However, President Macron has since established a roadmap to carefully ease restrictions in the country, and some measures have already been lifted.

Domestic travel restrictions were lifted on May 3, meaning residents are now allowed to travel to the country again.

The nationwide nighttime curfew, which went into effect on January 16, was shortened from 9 p.m. to 6 a.m. on May 19.

Primary schools and nurseries reopened on April 26 after being closed for three weeks, while high school students resumed indoor classes on May 3.

Outdoor restaurants, cafes and terraces reopen for outdoor service on May 19, with a maximum of six people per table, and non-essential stores will also reopen.

Spectators are allowed to return to the arenas, and museums, monuments, theaters, auditoriums with a seated audience can reopen with a maximum capacity of 800 people indoors and 1,000 outdoors.

Gyms can reopen from June 9, while indoor dining will resume in restaurants and cafes, with no more than six diners per group.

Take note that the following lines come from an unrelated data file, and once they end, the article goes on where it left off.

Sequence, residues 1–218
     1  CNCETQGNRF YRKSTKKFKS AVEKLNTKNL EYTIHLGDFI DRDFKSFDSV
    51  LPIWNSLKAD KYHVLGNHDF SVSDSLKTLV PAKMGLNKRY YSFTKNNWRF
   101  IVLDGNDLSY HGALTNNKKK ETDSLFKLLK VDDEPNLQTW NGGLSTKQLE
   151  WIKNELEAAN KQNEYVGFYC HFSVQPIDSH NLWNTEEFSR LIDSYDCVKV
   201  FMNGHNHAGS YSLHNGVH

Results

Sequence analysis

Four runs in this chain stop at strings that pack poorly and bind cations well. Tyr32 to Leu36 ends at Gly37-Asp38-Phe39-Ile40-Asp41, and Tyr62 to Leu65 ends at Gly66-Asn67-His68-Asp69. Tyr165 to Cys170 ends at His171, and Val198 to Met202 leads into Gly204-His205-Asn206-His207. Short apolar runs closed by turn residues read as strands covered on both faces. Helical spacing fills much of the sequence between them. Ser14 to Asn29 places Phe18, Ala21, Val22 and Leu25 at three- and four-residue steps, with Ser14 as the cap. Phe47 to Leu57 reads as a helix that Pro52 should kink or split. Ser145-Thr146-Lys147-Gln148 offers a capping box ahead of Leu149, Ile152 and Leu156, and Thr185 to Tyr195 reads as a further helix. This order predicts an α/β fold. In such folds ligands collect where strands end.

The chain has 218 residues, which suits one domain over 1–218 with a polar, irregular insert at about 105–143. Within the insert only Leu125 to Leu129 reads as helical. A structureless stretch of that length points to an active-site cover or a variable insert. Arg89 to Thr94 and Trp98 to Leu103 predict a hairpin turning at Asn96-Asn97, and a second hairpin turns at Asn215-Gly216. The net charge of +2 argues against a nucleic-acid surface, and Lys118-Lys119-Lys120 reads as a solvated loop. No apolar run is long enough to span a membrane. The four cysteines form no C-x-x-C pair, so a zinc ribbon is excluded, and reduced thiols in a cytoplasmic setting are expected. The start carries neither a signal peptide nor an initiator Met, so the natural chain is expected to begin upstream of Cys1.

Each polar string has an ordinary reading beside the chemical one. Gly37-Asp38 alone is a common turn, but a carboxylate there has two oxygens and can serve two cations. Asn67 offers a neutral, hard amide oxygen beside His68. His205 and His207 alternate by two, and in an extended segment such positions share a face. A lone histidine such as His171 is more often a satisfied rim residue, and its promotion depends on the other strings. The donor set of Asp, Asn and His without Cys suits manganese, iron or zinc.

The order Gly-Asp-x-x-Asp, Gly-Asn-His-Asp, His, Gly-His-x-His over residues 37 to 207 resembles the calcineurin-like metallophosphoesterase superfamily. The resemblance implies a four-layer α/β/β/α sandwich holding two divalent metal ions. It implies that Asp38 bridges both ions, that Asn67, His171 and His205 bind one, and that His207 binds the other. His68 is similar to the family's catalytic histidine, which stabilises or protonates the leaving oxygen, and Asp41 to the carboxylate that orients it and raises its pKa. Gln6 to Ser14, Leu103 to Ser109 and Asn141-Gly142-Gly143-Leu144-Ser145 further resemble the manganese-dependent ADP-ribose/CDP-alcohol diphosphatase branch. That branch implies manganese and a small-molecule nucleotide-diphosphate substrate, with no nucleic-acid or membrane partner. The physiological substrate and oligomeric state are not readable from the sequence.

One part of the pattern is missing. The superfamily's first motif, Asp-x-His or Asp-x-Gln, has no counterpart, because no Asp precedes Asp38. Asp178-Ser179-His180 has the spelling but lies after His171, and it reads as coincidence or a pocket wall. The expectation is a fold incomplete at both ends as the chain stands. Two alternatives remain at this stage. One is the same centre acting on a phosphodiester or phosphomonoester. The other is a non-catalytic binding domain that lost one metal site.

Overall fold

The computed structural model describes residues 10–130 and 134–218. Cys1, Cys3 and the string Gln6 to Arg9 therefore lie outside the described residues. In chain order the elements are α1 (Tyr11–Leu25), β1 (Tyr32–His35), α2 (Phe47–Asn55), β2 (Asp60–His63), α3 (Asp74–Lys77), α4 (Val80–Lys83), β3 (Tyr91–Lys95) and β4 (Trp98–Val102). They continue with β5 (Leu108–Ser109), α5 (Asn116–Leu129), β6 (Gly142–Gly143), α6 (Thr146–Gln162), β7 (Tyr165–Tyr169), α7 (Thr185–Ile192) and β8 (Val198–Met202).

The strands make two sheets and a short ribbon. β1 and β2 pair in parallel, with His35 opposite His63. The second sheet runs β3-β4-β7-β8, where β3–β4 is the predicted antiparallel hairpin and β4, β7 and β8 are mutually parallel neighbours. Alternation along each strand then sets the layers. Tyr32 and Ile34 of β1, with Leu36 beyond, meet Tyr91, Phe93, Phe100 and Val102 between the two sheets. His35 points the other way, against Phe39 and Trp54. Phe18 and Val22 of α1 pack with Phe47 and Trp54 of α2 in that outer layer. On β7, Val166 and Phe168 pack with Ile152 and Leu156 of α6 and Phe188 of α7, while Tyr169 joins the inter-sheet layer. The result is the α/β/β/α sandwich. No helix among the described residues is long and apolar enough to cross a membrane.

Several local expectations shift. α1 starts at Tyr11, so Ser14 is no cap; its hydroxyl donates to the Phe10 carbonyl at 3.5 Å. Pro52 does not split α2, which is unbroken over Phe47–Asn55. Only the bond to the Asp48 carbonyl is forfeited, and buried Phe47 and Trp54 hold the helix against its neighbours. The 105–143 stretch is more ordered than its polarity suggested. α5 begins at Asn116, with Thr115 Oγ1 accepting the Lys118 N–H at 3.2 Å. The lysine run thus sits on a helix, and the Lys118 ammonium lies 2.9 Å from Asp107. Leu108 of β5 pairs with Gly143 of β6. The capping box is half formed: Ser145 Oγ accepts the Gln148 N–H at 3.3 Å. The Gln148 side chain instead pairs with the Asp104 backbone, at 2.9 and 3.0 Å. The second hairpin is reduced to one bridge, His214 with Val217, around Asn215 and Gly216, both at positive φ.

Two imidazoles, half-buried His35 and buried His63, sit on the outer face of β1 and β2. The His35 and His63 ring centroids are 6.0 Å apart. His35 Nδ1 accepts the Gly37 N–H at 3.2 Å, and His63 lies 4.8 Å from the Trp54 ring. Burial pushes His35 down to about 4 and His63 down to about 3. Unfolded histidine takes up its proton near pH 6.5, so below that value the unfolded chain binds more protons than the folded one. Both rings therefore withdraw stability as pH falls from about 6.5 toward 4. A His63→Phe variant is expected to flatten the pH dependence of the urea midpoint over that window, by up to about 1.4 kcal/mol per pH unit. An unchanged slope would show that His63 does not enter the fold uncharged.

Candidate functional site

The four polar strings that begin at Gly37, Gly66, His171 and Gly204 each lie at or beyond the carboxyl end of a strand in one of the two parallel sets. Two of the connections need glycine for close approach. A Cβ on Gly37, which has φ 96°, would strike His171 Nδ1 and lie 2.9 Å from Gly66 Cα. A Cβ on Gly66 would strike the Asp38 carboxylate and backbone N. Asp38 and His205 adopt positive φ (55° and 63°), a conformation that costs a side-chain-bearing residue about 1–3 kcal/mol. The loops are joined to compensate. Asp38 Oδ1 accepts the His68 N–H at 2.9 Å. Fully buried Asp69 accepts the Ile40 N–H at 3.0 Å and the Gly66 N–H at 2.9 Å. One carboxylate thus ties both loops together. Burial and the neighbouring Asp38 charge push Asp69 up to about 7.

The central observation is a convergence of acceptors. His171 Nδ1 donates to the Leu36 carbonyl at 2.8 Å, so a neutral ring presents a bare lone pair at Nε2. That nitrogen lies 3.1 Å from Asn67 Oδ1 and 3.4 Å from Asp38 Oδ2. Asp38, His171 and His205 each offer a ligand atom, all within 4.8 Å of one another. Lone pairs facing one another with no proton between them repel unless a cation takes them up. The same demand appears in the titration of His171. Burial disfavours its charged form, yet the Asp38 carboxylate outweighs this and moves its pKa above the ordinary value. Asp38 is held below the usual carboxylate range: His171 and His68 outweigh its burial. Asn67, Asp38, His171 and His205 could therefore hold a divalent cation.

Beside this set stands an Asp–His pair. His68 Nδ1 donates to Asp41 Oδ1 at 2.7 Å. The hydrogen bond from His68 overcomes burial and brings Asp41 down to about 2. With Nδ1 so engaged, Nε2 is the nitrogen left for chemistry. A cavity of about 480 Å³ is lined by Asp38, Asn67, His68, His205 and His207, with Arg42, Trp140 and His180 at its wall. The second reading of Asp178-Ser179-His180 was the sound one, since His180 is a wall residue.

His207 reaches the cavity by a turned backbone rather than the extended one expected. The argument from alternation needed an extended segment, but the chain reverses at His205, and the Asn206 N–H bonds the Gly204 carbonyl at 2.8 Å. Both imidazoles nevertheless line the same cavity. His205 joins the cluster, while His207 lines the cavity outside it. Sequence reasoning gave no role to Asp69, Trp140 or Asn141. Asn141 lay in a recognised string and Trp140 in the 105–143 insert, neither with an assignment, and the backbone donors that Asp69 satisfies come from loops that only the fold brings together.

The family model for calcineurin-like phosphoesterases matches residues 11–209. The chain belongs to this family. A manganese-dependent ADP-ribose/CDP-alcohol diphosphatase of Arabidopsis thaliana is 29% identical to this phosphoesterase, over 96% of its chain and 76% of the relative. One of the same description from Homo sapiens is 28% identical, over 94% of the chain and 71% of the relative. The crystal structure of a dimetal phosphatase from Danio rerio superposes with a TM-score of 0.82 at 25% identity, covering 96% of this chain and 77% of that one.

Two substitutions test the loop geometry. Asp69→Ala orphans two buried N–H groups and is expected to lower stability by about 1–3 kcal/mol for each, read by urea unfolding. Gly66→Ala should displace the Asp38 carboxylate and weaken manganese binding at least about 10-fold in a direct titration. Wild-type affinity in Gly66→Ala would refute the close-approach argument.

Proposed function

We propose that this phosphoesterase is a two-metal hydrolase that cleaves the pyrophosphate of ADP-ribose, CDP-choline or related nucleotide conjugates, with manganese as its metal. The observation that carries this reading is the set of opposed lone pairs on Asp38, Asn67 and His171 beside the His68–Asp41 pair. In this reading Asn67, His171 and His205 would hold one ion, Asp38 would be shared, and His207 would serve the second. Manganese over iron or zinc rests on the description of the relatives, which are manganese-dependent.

From then on, residents will be able to use the health pass, which stores proof of vaccination, negative PCR tests or evidence that the user has recently recovered from Covid-19, to attend stadiums and major events. .

The national curfew, which must be pushed back from 11 p.m. to 6 a.m. from June 9, will be completely lifted on June 30.

Masks must be worn at all times on public transportation and in enclosed public spaces.

Useful links

Official website of the French government

Advice for foreigners wishing to travel to France

All Anti-Covid app

Official Covid-19 Notice

Our last blanket

Learn more about how France has imposed new Covid-19 restrictions and how feminist street art becomes commonplace around Paris.

In other developments, the European country passed a law protect the “sensory heritage” of its rural areas and its future for sleeper trains looks brilliant. Want to know what it feels like to try to become French? CNN Channon Hodge tried back in 2008.

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About Guillermo Russell

Guillermo Russell